I had so much fun making this video!  I asked people a very important question, and their answers are fantastic!

If you have anything to add, please tell us in the comment section! If you missed the 1st video, simply scroll down to the previous post!

And please recommend to Facebook (below), and share with friends!

Watch on YouTube here! Or click on the red arrow below!

With much appreciation and gratitude,

 Nancy

humorous lessons in life after divorce

What’s wrong with this picture?: It’s Saturday night at 8:00 p.m. and I’m in my new soft fuzzy jammies from Costco, with my soft fuzzy blanket also from Costco, my very soft fuzzy socks from Old Navy, in my bed with my new soft flannel sheets from Kohl’s, reading the newest AARP Magazine!!

My first thought was: Everything is wrong with this picture! I’m a vibrant, fun-loving single woman! What the hell am I doing in bed with AARP? And on a Saturday night no less! The only thing missing was the 50 cats! (Apologies to cat lovers), but really?!

As these self-bashing thoughts were racing through my mind I was simultaneously reading an interview with Maria Shriver. Ah, the beauty of multi-tasking!

The article, however, was interesting enough to keep my attention even as the KFUK radio station was playing loud and clear in my head. (For those who are just joining me, KFUK is the station in our minds with a playlist that sabotages, bullies, and deflates us as it continually scrolls in a big negative loop until we realize we’re singing its messages out loud.)

I digress. As I was reading and mind-f-ing myself, I came to a paragraph that muted the noise in my head and struck a poignant chord. Shriver referred to what she called, “The Power of the Pause,” described as the importance of stopping and evaluating where we are in life. It was then that I realized I was pressing the pause button that Saturday night.

Taking time to evaluate doesn’t necessarily mean actively trying to solve the problems of your world. In fact, more ideas come from a mind at rest. When our mind has the luxury of chillaxing, it can help us to create and find the answers to our six million dollar questions. This is not unlike our computers. My kids are always telling me that I shouldn’t have as many programs running at once, and that I should occasionally turn it off to give it a rest so it can perform better.

Shriver continued saying, “First you have to slow your life down to find out if you’re actually living the life you are meant to live. Are you just gliding? Are you a dead woman or dead man walking? I know a lot of people who talk about being that. They hate their jobs, their lives….”

I think that sometimes we stay busy so as not to face changes that need to be made in our lives. If we’re busy we won’t have time to stop and realize how we might not be living in integrity.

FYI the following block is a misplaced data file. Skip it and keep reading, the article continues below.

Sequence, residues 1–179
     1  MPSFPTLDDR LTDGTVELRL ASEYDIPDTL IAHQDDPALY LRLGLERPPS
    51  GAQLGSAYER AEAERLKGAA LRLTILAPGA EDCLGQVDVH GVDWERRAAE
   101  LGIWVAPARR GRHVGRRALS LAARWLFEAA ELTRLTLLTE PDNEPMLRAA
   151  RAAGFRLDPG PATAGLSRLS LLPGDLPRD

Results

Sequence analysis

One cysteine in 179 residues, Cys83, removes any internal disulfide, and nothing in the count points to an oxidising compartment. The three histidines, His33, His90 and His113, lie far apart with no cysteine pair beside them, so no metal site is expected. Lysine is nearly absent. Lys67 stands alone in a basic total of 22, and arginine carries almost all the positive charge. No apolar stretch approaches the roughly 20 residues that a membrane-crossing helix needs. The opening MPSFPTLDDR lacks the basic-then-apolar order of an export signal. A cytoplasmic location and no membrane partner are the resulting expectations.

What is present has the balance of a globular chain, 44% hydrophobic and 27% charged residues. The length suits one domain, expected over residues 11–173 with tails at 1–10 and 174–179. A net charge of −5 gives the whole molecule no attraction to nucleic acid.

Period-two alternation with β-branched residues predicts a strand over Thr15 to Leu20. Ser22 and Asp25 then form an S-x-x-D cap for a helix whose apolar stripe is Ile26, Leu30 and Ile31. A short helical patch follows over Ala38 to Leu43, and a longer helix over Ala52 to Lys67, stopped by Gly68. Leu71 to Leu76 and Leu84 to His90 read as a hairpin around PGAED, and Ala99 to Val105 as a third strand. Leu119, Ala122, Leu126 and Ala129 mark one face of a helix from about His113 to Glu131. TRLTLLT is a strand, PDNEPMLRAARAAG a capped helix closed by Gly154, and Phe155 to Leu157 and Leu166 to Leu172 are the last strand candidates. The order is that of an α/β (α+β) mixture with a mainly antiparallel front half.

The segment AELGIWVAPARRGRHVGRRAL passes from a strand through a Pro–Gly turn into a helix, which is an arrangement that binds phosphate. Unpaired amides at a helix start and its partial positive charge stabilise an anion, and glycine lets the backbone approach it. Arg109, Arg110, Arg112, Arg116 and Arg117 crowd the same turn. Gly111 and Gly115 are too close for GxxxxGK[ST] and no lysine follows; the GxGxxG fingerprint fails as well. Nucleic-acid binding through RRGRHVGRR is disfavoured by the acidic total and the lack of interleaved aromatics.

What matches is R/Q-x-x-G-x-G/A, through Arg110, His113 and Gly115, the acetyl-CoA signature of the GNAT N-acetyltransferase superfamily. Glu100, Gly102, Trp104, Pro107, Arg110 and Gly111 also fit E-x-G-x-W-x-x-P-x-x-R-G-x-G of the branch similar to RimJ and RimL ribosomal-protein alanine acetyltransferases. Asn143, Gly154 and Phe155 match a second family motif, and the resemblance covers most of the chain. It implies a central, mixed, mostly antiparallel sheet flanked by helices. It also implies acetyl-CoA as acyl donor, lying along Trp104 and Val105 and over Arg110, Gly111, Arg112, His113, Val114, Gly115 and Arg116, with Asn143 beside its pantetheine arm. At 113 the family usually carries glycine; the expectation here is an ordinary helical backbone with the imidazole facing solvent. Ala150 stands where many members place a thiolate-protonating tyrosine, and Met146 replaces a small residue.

• Perhaps you are still dating someone mainly because it’s better than being alone and not because you have true feelings for them. You’re gliding along, but you are aware that you’re settling because you know there’s someone out there with whom you could soar, but you’re too afraid to take the risk.
  • Perhaps you aren’t where you want to be in your life.
  • Perhaps you’re in a loveless marriage.
  • Perhaps you’re in limbo and it feels so uncomfortable that you mask it with busy-ness.

Even if life is exactly how you want it to be, it’s important to take time to slow down and remember the power of the pause. Give yourself time to reboot and regroup. Don’t be afraid to slow down to see what it is you really want or what you want to do differently. Then, don’t be afraid to take the risk.

So, is there anything wrong with being alone on a Saturday night with my warm fuzzies? Not at all. If I start quoting AARP every week however, there could be cause for concern, and an intervention would be welcomed. For now, I’ll respect the pause.

 

 

 

January.  This means that the excuse to eat too many sweets is over, and it’s time to start thinking about organizing for taxes. Yuck! However, it is the month of my birthday, AND the birth of NancyTellsAll.com one year ago, so I have a lot to be thankful for. I want to start out this New Year by saying thank you. I am so grateful to all of you for following my blog every week, and for supporting me with your feedback, encouragement,  and helping me to get the word out to more readers by ‘liking’ it to Facebook, and sharing via Twitter and e-mails.

I would also like to take this moment to welcome a large group of new people who recently signed up to follow NancyTellsAll! A big shout out to you and a thank you for welcoming me into your Inbox! I hope you have some kind of positive take-away each week, and if you have any thoughts or comments, please do so at the bottom of each post! Also, feel free to contact me at nancy@nancytellsall.com with any questions, thoughts or suggestions.

This week’s article was published January 4th on PurposeFairy.com so if you have read it already, my apologies for the rerun! I hope you will all enjoy it enough to ‘Like’ it here on NancyTellsAll (below the article), and also on the PurposeFairy link above.

As we go through life, there are many things we learn. I have also come to realize that there are also things we should UNlearn!….

 

Life Lessons to Unlearn

4 Life Lessons You Should Unlearn